Goa & the South

  /    /  Goa & the South
BEYOND THE TAJ - GOA & THE SOUTH

Destinations In And Around Goa & The South

The charm of South India can be best defined through mesmerising hill stations, majestic temples, lush green forests, lip-smacking sea food, a rich traditional textile, arts and crafts scene and immaculate beaches.

GSI
Goa and South India - Beyond the Taj, Goa & the South
Goa and South India - Beyond the Taj, Goa & the South
Goa and South India - Beyond the Taj, Goa & the South
Goa and South India - Beyond the Taj, Goa & the South
Goa and South India - Beyond the Taj, Goa & the South
Goa and South India - Beyond the Taj, Goa & the South
Goa and South India - Beyond the Taj, Goa & the South
Goa and South India - Beyond the Taj, Goa & the South
Goa and South India - Beyond the Taj, Goa & the South
Goa and South India - Beyond the Taj, Goa & the South
Goa and South India - Beyond the Taj, Goa & the South
Goa and South India - Beyond the Taj, Goa & the South
Goa and South India - Beyond the Taj, Goa & the South
Goa and South India - Beyond the Taj, Goa & the South
BEYOND THE TAJ - GOA & THE SOUTH

Experiences In And Around Goa & The South

From ancient temple towns, the French and Portuguese influences Pondicherry and Goa, the paddy fields and rubber plantations of Tamil Nadu, the thriving art scene of Panjim, the buzzing metropolis of Mumbai and the hipster scene of Bangalore, the South of India is a rich and varied region with a myriad of amazing experiences.

GSI
Goa and South India - Beyond the Taj, Goa & the South
Goa and South India - Beyond the Taj, Goa & the South
Goa and South India - Beyond the Taj, Goa & the South
Goa and South India - Beyond the Taj, Goa & the South
Goa and South India - Beyond the Taj, Goa & the South
Goa and South India - Beyond the Taj, Goa & the South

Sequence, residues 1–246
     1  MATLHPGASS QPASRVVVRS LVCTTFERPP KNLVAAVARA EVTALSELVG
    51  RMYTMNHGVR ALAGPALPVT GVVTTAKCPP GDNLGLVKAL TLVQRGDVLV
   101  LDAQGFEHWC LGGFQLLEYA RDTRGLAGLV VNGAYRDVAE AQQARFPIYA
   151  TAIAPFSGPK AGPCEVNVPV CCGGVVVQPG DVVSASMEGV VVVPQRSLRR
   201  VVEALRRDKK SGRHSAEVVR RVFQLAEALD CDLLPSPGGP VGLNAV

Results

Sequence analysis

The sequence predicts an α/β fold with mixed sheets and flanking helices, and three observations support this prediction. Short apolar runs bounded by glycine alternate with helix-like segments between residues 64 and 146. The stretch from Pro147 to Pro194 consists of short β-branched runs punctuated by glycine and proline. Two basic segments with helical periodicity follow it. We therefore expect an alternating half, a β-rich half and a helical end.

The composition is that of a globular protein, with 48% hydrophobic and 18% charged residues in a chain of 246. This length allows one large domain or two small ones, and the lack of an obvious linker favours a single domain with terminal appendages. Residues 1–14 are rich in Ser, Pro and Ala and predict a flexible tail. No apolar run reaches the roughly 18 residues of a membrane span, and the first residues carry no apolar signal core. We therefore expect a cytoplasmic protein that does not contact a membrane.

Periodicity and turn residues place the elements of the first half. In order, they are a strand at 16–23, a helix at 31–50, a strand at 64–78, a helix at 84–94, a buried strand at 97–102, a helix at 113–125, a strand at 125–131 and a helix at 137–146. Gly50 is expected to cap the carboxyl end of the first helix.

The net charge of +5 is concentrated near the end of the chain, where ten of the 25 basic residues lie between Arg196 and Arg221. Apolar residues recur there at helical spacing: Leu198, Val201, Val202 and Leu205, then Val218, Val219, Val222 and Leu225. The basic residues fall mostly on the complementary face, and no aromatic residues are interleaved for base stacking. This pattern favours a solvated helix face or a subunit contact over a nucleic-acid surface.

Goa and South India - Beyond the Taj, Goa & the South
Goa and South India - Beyond the Taj, Goa & the South
Goa and South India - Beyond the Taj, Goa & the South
Goa and South India - Beyond the Taj, Goa & the South

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Pondicherry has an unusual, enchanting Mediterranean atmosphere not felt anywhere else in India. The French ruled this territory for 300 years, and today it stands as a living monument to French culture in India as it was only ceded to the Indian union in 1954. The White Town with its tree-shaded, leafy lanes is still reminiscent of the Mediterranean with its seaside promenade, immaculately white painted buildings, cobbled paths of the French Quarters and its pretty colonial bungalows all of which lend a quaint charm to this tiny city.
One of India’s most relaxed state capitals, Panaji (Panjim) crowds around the peninsula overlooking the broad Mandovi River, where cruise boats and floating casinos ply the waters, and advertising signs cast neon reflections in the night. A glorious whitewashed church lords over the animated city center, a broad leafy boulevard skirts around the river, and grand colonial-era buildings rub shoulders with arty boutiques, old-school bookshops, state-of-the-art malls and backstreet bars.
Bombay, now known as Mumbai, is a world unto itself, with a unique intensity that hits you the moment you land. Mumbai, India’s greatest port, financial capital, and trend-setting East-West nexus. Perched on the Arabian Sea on an island and separated from the rest of India by a winding creek. Its culture is contemporary, vibrant and often in your face, reflecting both the affluence and poverty of more than 15 million people crowded onto this island. Restaurants, bars, museums, and shops intermingle with shining new skyscrapers, congested streets, bright neon lights, and the glamorous film industry of Bollywood, India’s most prolific film industry.
Bangalore: In the 19th century it was known as the “Garden City” because of its many parks and gardens and it gradually began to attract grand residents. Since the 1990s it has been re-christened “India’s Silicon Valley” and has sprouted shopping malls, bars and fast-food joints – making it one of India’s more cosmopolitan cities, but it still has excellent traditional arts and crafts, some fine colonial buildings, and is an ideal urban gateway to the south of India. It’s altitude – 1,000 meters – means that its climate is relatively cool. Main sights include the Bull Temple, Tipu Sultan’s Summer Palace, and the Dravidian-style Venkataramanasvami Temple.